American Liberalism

Date: Sep 14, 2017
Category: History Essay

The word Liberal is derived from a Latin word called liber which simply implies to be free. Liberalism can be defined as the free way of thinking and acting in private and public life. It also refers to political inclination that favors social progress by reform rather than revolution. The liberalism in the US history reached its peak in the 1960s since in this period most problems with humanity were being tackled. The war on poverty, civil rights, the rise of the new left and black power all took place during this wonderful and important era in history (Fischer 26). At the beginning of 1960 when John F. Kennedy was ascending to the presidency was the beginning of a vast and sweeping liberalism that overtook the US and promoted positive changes (Matusow 209).

However, the subsequent divisions within itself led to the unraveling of American Society. John F. Kennedy marshaled the youth into action that could embody the change that was needed in America. The war on poverty was dealt with during this period and though it seemed progressive it did not bear much fruit because many programs simply degenerated into bureaucracy (Rodney 28). The civil right societies began as non violent movements, but degenerated into violent ghetto riots due to the black power movement. The Vietnam War pictured the liberals as in favor of the cold war by uniting the opposition since the blacks saw their plight as similar to the Vietnamese and it really rocked Johnson (Matusow 212).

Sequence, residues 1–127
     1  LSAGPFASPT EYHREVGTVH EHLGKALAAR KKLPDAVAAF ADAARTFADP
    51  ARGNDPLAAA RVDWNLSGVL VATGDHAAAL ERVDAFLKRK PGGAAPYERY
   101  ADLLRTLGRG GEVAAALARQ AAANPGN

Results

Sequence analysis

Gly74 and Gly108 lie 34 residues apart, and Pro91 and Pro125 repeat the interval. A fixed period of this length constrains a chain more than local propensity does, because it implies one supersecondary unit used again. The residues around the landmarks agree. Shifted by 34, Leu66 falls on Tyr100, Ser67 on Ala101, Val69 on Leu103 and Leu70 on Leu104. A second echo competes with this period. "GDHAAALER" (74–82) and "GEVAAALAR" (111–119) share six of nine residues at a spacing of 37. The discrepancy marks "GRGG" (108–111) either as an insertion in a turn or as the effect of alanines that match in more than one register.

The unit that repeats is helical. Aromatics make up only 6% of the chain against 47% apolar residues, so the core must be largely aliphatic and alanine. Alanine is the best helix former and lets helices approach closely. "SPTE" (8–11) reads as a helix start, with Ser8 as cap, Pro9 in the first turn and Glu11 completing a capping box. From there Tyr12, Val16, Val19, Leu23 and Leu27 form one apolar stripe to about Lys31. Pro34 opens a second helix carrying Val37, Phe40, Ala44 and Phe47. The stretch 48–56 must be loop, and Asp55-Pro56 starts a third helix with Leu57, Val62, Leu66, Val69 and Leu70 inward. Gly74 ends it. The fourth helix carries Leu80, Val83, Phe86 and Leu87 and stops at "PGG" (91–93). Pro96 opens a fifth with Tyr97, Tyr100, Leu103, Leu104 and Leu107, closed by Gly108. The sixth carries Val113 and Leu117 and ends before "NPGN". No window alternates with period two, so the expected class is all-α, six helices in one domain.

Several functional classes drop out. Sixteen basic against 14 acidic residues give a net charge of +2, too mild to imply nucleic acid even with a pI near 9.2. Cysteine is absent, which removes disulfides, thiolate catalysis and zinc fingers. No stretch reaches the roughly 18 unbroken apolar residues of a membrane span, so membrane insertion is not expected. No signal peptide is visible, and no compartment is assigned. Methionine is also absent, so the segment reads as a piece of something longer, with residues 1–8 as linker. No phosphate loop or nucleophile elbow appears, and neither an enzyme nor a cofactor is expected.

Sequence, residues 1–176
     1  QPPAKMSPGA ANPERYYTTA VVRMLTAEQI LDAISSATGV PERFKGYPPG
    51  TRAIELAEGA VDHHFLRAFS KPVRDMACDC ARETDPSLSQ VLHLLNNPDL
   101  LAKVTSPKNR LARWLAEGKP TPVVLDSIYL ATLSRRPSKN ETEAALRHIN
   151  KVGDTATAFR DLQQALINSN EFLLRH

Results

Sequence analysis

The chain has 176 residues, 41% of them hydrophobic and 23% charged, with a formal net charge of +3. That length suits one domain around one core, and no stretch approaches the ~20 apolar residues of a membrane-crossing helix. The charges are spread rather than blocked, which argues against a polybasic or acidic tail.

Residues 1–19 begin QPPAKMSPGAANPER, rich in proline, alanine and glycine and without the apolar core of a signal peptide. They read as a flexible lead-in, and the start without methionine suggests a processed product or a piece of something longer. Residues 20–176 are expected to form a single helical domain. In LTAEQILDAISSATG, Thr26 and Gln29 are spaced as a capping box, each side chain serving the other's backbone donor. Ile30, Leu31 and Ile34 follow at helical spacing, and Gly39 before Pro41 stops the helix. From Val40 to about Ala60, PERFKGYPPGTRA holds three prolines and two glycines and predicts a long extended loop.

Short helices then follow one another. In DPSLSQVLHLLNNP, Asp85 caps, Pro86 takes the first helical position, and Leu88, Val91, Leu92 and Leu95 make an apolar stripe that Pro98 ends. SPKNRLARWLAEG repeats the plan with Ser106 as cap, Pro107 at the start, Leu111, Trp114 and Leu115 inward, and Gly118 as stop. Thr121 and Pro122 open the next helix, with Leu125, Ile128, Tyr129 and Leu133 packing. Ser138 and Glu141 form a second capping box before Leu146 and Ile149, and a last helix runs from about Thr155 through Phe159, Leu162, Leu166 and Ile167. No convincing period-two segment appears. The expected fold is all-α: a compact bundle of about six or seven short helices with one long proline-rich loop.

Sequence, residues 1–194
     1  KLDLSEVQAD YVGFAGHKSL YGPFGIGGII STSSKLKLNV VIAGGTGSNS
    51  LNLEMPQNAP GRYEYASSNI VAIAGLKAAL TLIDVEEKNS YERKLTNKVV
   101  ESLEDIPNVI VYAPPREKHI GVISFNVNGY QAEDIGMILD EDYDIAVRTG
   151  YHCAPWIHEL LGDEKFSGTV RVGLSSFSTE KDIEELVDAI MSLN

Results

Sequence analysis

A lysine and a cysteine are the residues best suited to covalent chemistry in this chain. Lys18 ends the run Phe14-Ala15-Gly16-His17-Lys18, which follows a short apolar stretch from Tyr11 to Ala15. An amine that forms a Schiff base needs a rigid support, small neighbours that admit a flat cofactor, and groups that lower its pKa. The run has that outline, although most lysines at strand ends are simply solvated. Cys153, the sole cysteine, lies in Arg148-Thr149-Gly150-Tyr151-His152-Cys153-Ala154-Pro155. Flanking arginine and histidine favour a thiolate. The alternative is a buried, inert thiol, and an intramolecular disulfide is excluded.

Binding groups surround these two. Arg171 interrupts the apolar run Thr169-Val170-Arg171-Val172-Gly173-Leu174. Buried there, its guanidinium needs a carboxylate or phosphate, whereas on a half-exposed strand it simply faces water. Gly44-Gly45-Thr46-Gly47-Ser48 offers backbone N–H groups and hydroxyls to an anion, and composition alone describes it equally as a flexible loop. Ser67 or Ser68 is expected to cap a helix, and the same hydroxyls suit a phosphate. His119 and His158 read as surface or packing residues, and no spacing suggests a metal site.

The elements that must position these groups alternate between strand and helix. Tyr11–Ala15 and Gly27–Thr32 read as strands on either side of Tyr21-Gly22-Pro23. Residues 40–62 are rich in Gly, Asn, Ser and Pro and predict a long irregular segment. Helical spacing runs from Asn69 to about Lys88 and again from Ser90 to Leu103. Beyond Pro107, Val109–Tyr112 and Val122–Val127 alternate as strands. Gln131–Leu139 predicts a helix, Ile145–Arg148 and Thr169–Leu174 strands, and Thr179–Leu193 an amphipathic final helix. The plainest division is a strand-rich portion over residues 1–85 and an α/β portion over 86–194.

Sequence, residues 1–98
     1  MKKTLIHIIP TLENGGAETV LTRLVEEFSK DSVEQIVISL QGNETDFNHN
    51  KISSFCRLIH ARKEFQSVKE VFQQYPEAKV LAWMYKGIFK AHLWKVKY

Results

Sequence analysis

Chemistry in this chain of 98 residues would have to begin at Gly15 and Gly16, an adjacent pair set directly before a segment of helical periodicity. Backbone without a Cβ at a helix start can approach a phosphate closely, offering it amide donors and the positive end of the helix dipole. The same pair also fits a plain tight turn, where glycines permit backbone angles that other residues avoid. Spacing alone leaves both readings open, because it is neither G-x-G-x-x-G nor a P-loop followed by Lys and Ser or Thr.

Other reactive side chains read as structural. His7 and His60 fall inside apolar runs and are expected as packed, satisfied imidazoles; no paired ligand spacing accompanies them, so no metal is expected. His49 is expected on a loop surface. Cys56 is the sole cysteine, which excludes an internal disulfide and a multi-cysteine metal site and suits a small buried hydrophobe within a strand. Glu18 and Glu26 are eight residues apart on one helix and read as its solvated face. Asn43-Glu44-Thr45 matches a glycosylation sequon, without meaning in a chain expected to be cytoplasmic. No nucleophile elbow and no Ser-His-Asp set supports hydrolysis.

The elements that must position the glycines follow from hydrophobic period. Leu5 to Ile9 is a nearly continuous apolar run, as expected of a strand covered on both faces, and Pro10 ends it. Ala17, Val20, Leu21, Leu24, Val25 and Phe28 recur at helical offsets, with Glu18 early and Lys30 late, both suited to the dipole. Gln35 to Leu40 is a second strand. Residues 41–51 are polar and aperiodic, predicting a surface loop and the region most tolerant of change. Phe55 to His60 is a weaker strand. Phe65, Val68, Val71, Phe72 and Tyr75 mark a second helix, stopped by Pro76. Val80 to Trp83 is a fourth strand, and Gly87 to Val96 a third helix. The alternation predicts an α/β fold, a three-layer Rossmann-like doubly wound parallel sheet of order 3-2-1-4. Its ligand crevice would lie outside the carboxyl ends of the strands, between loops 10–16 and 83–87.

Organizations like Students for Democratic Society lobbied for students rights and the totalitarianism in America. They later decided to drop out of the society rather than change it. By 1968, the country was tired of change and thus Democrats lost over 12 million votes because most people felt alienated. This is what led to the Republican revolution in the seventies and eighties (Fischer, 27). American society presently is the product of liberalism in the 1960s. A vivid product is the women liberation which was championed in the early 1960s which elevated a woman to a much higher status in society. The civil rights movements changed America and with the inclusion of legislation and education (Rodney 31).